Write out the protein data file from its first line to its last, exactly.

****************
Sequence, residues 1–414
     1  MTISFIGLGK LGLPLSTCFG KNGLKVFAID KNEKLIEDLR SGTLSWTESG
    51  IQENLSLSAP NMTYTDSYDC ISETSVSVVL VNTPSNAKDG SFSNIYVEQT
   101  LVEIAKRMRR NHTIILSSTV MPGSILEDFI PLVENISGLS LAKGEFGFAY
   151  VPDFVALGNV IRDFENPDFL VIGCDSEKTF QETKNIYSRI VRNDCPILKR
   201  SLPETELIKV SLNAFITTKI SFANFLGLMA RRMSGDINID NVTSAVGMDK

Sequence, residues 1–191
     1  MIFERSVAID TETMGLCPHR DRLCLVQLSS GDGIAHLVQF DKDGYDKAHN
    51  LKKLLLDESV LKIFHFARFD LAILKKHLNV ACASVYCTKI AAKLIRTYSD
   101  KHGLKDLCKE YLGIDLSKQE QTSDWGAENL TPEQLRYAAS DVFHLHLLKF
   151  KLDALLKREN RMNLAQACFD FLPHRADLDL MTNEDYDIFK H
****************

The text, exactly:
Sequence, residues 1–414
     1  MTISFIGLGK LGLPLSTCFG KNGLKVFAID KNEKLIEDLR SGTLSWTESG
    51  IQENLSLSAP NMTYTDSYDC ISETSVSVVL VNTPSNAKDG SFSNIYVEQT
   101  LVEIAKRMRR NHTIILSSTV MPGSILEDFI PLVENISGLS LAKGEFGFAY
   151  VPDFVALGNV IRDFENPDFL VIGCDSEKTF QETKNIYSRI VRNDCPILKR
   201  SLPETELIKV SLNAFITTKI SFANFLGLMA RRMSGDINID NVTSAVGMDK

Sequence, residues 1–191
     1  MIFERSVAID TETMGLCPHR DRLCLVQLSS GDGIAHLVQF DKDGYDKAHN
    51  LKKLLLDESV LKIFHFARFD LAILKKHLNV ACASVYCTKI AAKLIRTYSD
   101  KHGLKDLCKE YLGIDLSKQE QTSDWGAENL TPEQLRYAAS DVFHLHLLKF
   151  KLDALLKREN RMNLAQACFD FLPHRADLDL MTNEDYDIFK H